By Brandi Petty - A Missouri Master Naturalist since 2016. She teaches conservation education for the state of Kansas at Southeast Kansas Nature Center.
Today I’m going to talk to you about one of my favorite creatures in our state and the only true flying mammal; that’s right--we’re going to learn about BATS! I’m not the only one to recognize how truly remarkable they are either. Bats use sonar to catch “insects on the wing” so efficiently that the US Navy has used their unique abilities when designing sonar technology. Of the fourteen species of bats that call Missouri home, all are insect eaters.
When I discuss bats with school groups, I like to describe them as furry little chicken nuggets. They’re adorable (at least the ones that live in MO). Bats are an invaluable resource, estimated to save the US economy alone $23 Billion dollars per year! Bats are a farmer’s (and camper’s) best friend. Each evening at dusk bats start their search for food. They eat up to half their body weight in insects each night. Nursing mothers tend to eat their full body weight.
Some farmers spend approximately $160 per acre to spray their fields with insecticides. Unfortunately, these pesticides are then ingested by bats which affect the bat’s tissues and nursing mothers’ milk. In a study cited by Bat Conservation International, of the bats collected in Indiana for suspected rabies only 5% came back positive, but all negative bats were tested for and returned positive for pesticide poisoning.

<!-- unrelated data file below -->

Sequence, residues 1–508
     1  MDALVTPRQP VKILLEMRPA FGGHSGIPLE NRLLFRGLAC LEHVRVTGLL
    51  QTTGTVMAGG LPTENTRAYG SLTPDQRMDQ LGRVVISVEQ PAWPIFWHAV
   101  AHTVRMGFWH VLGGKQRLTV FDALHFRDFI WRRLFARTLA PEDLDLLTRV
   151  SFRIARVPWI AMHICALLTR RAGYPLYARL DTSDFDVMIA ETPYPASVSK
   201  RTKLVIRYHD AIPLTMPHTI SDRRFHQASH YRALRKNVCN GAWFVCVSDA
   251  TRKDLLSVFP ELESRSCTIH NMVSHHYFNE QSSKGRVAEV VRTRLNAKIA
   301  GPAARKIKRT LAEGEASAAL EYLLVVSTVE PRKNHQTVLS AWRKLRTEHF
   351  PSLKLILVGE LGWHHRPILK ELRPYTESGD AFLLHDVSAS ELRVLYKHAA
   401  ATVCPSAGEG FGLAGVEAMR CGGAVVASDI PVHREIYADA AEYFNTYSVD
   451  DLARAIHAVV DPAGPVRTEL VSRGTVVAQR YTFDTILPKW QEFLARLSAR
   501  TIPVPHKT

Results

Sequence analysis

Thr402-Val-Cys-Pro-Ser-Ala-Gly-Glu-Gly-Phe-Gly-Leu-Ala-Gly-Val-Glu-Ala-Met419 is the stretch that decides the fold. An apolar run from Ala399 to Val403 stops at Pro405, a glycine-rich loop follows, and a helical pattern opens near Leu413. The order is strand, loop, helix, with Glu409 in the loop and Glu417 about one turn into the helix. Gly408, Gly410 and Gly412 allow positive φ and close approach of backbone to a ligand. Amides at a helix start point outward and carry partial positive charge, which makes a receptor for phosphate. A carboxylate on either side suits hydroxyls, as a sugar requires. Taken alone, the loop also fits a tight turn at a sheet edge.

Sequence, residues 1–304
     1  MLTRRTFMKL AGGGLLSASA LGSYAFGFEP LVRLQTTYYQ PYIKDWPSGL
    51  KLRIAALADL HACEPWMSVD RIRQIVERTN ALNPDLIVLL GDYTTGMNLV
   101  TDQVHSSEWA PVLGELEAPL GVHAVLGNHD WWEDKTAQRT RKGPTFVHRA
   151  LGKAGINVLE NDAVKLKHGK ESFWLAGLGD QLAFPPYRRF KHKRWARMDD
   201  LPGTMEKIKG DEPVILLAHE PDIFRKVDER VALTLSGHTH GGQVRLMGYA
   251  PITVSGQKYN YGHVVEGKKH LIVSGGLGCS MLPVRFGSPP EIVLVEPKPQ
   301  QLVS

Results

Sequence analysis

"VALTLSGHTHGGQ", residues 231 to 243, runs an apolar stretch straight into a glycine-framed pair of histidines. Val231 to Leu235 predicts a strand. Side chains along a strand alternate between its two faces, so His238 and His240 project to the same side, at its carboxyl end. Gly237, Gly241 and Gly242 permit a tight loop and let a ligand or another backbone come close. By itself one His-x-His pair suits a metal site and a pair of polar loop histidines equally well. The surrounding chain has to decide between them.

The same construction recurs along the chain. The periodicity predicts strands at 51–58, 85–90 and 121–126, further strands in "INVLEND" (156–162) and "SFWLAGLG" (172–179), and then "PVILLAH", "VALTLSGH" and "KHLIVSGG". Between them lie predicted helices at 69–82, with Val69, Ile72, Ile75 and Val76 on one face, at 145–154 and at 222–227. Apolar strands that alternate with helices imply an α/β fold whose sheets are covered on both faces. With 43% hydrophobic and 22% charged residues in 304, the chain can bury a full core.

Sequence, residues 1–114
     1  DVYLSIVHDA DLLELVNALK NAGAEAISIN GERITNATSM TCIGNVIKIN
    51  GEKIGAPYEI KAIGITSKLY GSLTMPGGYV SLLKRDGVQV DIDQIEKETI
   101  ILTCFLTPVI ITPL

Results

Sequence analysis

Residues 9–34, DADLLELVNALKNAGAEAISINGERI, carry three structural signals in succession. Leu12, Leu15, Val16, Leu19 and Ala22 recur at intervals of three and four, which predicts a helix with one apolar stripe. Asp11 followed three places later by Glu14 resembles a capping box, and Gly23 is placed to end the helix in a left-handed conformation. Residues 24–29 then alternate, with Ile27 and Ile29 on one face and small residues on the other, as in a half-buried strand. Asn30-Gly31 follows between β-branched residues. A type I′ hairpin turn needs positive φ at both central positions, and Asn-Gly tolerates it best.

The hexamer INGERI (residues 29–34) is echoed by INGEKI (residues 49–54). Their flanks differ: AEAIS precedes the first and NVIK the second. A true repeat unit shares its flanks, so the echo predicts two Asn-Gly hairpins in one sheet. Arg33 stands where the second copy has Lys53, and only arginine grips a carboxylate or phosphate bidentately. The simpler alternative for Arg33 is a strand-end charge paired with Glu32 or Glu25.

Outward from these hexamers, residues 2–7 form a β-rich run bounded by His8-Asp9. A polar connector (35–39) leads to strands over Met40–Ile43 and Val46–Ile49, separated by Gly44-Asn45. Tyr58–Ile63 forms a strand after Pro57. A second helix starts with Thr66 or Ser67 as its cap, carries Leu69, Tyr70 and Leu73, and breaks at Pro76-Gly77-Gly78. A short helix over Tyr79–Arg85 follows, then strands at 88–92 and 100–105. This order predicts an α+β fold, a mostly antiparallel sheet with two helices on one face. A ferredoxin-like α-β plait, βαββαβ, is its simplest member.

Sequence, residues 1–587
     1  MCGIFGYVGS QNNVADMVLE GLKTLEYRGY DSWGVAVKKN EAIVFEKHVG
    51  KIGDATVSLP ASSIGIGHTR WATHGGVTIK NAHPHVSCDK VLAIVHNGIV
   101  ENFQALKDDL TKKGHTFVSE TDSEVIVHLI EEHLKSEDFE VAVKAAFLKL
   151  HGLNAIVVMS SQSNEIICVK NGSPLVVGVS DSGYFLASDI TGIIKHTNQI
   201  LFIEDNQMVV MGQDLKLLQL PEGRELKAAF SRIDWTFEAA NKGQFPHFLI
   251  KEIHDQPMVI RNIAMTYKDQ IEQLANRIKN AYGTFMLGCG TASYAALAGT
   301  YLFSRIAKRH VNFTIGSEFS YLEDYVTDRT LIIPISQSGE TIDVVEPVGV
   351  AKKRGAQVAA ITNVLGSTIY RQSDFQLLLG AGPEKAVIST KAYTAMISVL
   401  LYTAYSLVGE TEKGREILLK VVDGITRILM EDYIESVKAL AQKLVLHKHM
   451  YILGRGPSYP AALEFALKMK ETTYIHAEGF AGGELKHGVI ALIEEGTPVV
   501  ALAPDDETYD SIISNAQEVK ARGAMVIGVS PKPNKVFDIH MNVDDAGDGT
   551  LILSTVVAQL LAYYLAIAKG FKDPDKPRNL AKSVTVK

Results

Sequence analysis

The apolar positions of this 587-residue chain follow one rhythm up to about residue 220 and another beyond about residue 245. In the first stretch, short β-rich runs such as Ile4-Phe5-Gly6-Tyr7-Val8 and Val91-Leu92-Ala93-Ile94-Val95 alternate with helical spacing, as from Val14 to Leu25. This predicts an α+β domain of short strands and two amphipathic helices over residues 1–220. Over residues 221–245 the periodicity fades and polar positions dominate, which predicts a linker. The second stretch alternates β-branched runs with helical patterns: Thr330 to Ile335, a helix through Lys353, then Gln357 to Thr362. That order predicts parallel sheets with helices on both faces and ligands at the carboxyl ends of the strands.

Bats need our help! Not only do they protect us from West Nile, which you are far more likely to get than rabies, they make our food safer and our environment cleaner and more balanced. Many farmers now recognize the service that bats provide them and are installing bat houses to draw bats to their fields. Maybe you could install one at your house? You can request a free bat house plan from MDC by visiting their website: https://mdc.mo.gov/ and look under free information forms.
Refer to our recent blog archive for information about a bat house installed at Redings Mill Bridge.